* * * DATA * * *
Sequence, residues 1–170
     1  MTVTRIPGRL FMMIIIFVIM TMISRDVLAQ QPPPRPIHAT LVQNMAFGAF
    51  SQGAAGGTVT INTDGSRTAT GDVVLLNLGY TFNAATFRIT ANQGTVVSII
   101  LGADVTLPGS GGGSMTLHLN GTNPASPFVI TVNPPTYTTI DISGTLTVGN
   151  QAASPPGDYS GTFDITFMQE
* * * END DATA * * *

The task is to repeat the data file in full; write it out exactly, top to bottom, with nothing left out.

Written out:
Sequence, residues 1–170
     1  MTVTRIPGRL FMMIIIFVIM TMISRDVLAQ QPPPRPIHAT LVQNMAFGAF
    51  SQGAAGGTVT INTDGSRTAT GDVVLLNLGY TFNAATFRIT ANQGTVVSII
   101  LGADVTLPGS GGGSMTLHLN GTNPASPFVI TVNPPTYTTI DISGTLTVGN
   151  QAASPPGDYS GTFDITFMQE